A heart-to-heart about your plumbing and electrical systems (infographic)

The heart is an extremely complex organ. It serves as the engine room for your arteries and veins, circulating blood and oxygen throughout the body, including to the brain.

Similar to a home or car, the heart has both plumbing and electrical systems that require regular maintenance to prevent cardiac conditions, such as a blocked artery or an irregular heartbeat.

“Maintaining a nutritious diet, exercising regularly and making healthy lifestyle choices will keep your arteries clear and help prevent heart disease, diabetes and stroke,” says Dr. Katie Strelich, a cardiologist at Adventist Health’s Northwest Regional Heart & Vascular.

Those three diseases combined kill more than 800,000 Americans each year.

A good starting point to find out your risk for heart disease is to run diagnostics or complete an assessment, just like an electrician or plumber might.

Common cardiovascular conditions

There are many types of cardiovascular diseases that affect the heart and other parts of the body. Coronary artery disease (CAD) is the most common, damaging the heart’s major blood vessels and leading to heart attack.

That’s because CAD is caused by fatty buildup (plaque) in the arteries, which narrows the pathways for blood to get to the heart. If the plaque hardens and ruptures, it can lead to a heart attack or a stroke.

These cardiac “plumbing” issues account for a quarter of all deaths in the U.S. “Electrical” issues can also occur, but these are lesser known. And while an irregular heartbeat may not be deadly, it can lead to other more harmful heart conditions.

“Clogged pipes” can cause a cardiac plumbing problem

Think of your arteries and veins as the plumbing system for your heart.

Arteries carry blood from the heart to the rest of the body, while your veins carry blood to the heart. As with any plumbing system, the heart’s pipes can get clogged over time due to plaque buildup from cholesterol, fattening foods and tobacco use. Alcohol consumption, high blood pressure and high blood sugar levels also contribute to blockages in the heart.

Blocked arteries and veins inhibit blood flow, which can cause a heart attack. Poor circulation of blood also reduces the amount of oxygen reaching the brain, a life threatening condition.

In general, these are the heart conditions most people hear about. But there are also “electrical” problems that often go unnoticed. While at the time it may not seem like a big deal, fatigue or shortness of breath could be signs of more serious heart and health conditions.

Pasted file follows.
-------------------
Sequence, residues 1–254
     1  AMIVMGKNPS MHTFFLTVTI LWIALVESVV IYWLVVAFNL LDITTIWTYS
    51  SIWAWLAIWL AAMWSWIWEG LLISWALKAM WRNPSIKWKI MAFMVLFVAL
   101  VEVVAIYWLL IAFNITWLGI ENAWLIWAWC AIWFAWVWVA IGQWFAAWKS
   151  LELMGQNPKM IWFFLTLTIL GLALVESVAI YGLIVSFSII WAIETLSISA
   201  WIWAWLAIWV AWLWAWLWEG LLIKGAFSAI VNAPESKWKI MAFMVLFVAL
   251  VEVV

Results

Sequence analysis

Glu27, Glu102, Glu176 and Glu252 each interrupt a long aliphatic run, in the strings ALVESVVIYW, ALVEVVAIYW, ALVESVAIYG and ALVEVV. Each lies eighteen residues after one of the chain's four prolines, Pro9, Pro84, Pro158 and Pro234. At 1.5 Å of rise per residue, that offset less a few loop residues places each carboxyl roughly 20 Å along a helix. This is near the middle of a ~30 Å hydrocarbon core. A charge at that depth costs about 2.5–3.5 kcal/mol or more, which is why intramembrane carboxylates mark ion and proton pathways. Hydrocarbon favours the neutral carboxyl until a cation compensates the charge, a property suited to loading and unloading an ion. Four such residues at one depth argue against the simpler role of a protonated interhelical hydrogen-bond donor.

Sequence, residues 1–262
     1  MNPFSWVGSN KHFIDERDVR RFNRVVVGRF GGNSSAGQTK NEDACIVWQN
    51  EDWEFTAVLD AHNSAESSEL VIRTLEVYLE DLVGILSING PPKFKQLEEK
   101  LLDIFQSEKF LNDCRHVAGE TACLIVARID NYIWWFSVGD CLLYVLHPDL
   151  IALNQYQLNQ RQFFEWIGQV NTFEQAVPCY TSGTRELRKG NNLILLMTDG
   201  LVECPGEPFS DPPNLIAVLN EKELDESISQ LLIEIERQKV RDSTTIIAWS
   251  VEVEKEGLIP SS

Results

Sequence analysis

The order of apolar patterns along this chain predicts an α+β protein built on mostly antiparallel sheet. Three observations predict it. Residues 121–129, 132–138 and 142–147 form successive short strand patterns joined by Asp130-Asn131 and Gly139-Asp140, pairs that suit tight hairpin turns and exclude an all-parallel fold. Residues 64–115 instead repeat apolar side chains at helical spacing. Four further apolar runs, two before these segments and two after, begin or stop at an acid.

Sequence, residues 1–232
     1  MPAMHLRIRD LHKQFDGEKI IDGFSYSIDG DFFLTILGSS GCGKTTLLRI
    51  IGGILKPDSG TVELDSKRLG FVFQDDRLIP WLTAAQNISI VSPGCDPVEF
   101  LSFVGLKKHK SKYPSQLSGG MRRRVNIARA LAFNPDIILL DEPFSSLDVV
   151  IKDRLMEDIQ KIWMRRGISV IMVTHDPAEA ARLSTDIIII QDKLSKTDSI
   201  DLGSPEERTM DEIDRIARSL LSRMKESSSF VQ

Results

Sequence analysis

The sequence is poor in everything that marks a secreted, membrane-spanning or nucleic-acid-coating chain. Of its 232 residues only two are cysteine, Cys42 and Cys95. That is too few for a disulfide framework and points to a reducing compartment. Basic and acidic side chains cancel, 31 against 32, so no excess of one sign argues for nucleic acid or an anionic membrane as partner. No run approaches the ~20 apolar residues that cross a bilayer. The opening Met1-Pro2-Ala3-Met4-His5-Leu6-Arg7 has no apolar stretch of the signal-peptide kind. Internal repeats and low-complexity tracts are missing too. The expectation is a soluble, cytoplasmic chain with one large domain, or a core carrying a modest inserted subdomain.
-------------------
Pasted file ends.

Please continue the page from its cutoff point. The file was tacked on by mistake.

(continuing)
A shock to the heart’s power grid

An irregular heartbeat, or commonly atrial fibrillation (AFib), is an electrical imbalance that can lead to five times the increased risk of stroke.

Shortness of breath, lightheadedness and fatigue are just a few of the serious symptoms of AFib, which affects more than five million Americans. Heart palpitations are also warning signs for AFib.

Dr. Fawaz Alhumaid, Electrophysiologist with Northwest Regional Heart and Vascular

“While AFib won’t necessarily kill someone, it can lead to stroke or other cardiac problems that can be deadly,” says Dr. Fawaz Alhumaid, an electrophysiologist at Adventist Health’s Northwest Regional Heart & Vascular.

An electrophysiologist is a specialized cardiologist who deals with heart rhythms.

According to some of the region’s leading electrophysiologists and heart health experts at Adventist Health, the main contributors to AFib include high blood pressure, obesity, diabetes, sleep apnea, and excessive alcohol consumption. Dr. Alhumaid stresses that people 60 plus who have had previous heart conditions are at an increased risk for AFib.

“The best way to prevent or reduce your risk for AFib is to maintain a healthy blood pressure through regular physical activity and routine medical visits. Avoiding excessive consumption of caffeine and nicotine is also important for prevention,” says Dr. Alhumaid.

Tips for preventing heart disease

Depending on your heart age test results and conversations with your primary care provider about your health, there may be changes you can make to improve your heart health.

These tips can help keep both the blood and electricity flowing through the heart at an appropriate and healthy rate:

  • Quit tobacco: smoking damages the arteries, leading to angina, heart attack or stroke
  • Exercise regularly: 30 minutes of moderate daily activity improves blood flow and heart strength
  • Improve diet: eating a nutritious diet prevents plaque buildup in the arteries
  • Know your heart health numbers: healthy cholesterol, blood pressure and blood sugar levels reduce your risk for heart disease
  • Maintain a healthy weight: excess weight can put strain on the heart, as it makes it more challenging to pump blood throughout the entire body
  • Cut down on caffeinated and alcoholic beverages: consuming excessive amounts of these beverages can lead to AFib and other cardiac problems